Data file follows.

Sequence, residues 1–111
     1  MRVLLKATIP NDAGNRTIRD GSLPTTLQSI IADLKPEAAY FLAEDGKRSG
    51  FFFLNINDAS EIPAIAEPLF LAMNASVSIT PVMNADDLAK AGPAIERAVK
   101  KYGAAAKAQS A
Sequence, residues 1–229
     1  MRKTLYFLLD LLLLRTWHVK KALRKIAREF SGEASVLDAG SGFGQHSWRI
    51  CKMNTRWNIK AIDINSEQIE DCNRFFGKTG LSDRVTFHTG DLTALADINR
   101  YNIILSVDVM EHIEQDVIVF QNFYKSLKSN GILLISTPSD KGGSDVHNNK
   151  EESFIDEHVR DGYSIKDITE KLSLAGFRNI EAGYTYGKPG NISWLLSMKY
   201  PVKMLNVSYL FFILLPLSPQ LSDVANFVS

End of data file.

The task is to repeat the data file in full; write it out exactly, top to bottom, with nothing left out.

Sequence, residues 1–111
     1  MRVLLKATIP NDAGNRTIRD GSLPTTLQSI IADLKPEAAY FLAEDGKRSG
    51  FFFLNINDAS EIPAIAEPLF LAMNASVSIT PVMNADDLAK AGPAIERAVK
   101  KYGAAAKAQS A
Sequence, residues 1–229
     1  MRKTLYFLLD LLLLRTWHVK KALRKIAREF SGEASVLDAG SGFGQHSWRI
    51  CKMNTRWNIK AIDINSEQIE DCNRFFGKTG LSDRVTFHTG DLTALADINR
   101  YNIILSVDVM EHIEQDVIVF QNFYKSLKSN GILLISTPSD KGGSDVHNNK
   151  EESFIDEHVR DGYSIKDITE KLSLAGFRNI EAGYTYGKPG NISWLLSMKY
   201  PVKMLNVSYL FFILLPLSPQ LSDVANFVS